Ruffians of San Bernardino County, California

Among the notorious characters who contributed to the disorder in this section in the early, days, were Bill Marshall and Juan Verdugo. It is said that Bill Marshall was from Providence, Rhode Island, and that he came to this country in 1844, in a whale-ship, from which he deserted. He married a daughter of an Indian chieftain, and was instrumental in binding the tribes together for hostilities against the whites. The trial of these men took place by court-martial, at “Old town,” San Diego, in December 1851. They were convicted of inciting the Indians to an outbreak, to burning the town of Agua Caliente, and to destroying the rancho of Hon. J. J. Warner, and committing murders and outrages upon the whites. These men were executed at 2 o’clock p. m., December 11, 1851, on a scaffold erected near the Catholic burying-ground. Verdugo acknowledged his guilt, but Marshall protested his innocence.

In the latter part of December, 1851, Major Heintzleman ordered a ” council of war,” for the trial of Francisco Mocate, chief of the Ysidro; Luis, Alcalde of Caliente; Jacobo or Onisil, and Juan Bautista. The council, after a patient hearing, adjudged them guilty, and sentenced them to be shot on the morning of Christmas day, and the sentence was duly carried into effect.On January 11, 1852, was executed by sentence of military court-martial, Antonia Garra, an educated and talented Indian chieftain, convicted of theft and murder at the insurrection of Agua Caliente. These executions did much to reduce the lawlessness and disordered conditions proceeding from Indian depredations in San Bernardino County.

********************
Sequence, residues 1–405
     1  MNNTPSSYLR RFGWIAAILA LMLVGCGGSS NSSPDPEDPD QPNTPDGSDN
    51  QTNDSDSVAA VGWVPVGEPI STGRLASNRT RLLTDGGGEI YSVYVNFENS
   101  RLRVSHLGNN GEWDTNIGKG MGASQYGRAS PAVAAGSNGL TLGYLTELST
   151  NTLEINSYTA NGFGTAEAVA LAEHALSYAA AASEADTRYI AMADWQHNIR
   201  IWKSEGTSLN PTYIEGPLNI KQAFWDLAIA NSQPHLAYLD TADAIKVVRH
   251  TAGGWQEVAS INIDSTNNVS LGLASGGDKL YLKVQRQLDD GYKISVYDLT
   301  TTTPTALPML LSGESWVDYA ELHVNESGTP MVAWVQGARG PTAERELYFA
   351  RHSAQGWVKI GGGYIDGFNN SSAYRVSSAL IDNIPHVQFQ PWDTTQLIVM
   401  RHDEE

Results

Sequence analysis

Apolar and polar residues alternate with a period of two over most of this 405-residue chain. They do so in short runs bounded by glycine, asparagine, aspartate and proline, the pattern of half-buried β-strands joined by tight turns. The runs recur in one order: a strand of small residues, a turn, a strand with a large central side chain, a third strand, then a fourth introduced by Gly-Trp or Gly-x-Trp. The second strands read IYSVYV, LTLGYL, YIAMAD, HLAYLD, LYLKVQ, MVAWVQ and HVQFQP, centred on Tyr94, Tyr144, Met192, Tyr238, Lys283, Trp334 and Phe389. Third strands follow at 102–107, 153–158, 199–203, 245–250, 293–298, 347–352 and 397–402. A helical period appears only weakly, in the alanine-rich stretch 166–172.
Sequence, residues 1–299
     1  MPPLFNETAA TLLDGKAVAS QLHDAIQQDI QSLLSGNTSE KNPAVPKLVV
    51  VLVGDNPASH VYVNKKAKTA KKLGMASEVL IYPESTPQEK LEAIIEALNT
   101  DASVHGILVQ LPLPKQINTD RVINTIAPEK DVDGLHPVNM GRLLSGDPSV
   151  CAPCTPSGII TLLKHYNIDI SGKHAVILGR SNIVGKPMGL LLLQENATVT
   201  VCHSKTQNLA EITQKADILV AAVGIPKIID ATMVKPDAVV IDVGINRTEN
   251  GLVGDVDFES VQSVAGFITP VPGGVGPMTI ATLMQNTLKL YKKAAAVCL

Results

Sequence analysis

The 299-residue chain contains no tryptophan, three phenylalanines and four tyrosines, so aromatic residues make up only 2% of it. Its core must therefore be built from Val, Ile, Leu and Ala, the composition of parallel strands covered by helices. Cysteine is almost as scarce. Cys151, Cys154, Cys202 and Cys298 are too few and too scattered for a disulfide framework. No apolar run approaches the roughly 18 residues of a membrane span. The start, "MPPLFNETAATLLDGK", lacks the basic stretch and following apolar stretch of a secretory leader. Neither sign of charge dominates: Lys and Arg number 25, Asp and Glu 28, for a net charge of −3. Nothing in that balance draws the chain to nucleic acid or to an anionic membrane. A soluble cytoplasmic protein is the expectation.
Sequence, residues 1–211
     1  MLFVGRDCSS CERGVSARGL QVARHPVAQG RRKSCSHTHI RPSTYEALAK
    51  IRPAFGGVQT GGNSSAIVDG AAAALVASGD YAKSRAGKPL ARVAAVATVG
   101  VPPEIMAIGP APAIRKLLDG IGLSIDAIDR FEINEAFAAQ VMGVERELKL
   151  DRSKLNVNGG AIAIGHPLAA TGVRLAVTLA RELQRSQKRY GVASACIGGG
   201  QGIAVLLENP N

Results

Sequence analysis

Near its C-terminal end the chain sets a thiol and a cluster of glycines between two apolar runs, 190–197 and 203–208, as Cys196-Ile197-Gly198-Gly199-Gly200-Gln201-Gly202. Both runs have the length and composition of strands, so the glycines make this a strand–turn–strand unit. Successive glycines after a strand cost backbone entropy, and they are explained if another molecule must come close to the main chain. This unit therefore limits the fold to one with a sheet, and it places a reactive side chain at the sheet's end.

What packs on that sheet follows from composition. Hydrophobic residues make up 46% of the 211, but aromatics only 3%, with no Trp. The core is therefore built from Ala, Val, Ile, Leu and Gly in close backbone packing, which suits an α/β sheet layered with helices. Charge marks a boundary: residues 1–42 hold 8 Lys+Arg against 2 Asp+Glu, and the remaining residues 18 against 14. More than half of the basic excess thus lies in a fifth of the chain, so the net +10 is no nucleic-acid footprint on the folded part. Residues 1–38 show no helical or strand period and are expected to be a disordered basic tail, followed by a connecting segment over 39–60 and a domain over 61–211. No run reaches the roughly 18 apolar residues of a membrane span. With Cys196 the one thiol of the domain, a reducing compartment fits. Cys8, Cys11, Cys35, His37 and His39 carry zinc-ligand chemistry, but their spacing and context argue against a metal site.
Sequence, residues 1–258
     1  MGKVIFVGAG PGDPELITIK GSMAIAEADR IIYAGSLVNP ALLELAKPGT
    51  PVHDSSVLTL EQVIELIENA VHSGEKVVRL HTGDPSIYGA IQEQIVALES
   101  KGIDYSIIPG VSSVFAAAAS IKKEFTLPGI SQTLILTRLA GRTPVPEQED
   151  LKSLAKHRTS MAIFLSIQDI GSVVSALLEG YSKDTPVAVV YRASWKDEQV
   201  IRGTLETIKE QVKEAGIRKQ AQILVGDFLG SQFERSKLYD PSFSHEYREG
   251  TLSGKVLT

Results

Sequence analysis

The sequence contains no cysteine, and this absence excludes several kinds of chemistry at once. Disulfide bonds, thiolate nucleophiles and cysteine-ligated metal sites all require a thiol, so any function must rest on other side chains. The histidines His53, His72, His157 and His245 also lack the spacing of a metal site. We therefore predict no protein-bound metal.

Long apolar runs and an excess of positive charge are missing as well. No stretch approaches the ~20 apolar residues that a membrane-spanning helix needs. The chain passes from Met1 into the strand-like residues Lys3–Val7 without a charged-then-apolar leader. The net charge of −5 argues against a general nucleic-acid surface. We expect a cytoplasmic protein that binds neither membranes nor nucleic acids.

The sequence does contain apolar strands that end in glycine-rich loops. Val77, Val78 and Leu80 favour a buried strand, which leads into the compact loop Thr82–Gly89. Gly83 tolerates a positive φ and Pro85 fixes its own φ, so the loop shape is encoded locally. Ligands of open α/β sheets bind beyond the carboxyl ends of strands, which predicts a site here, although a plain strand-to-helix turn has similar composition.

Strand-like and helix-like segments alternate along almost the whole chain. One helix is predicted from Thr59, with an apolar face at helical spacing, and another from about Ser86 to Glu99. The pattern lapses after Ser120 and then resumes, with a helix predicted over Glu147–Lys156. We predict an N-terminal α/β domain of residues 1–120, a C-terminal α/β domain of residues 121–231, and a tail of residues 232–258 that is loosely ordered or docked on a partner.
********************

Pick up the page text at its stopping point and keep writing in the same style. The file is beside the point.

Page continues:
Source: An Illustrated History of Southern California: embracing the counties of San Diego, San Bernardino, Los Angeles and Orange, and the peninsula of lower California.

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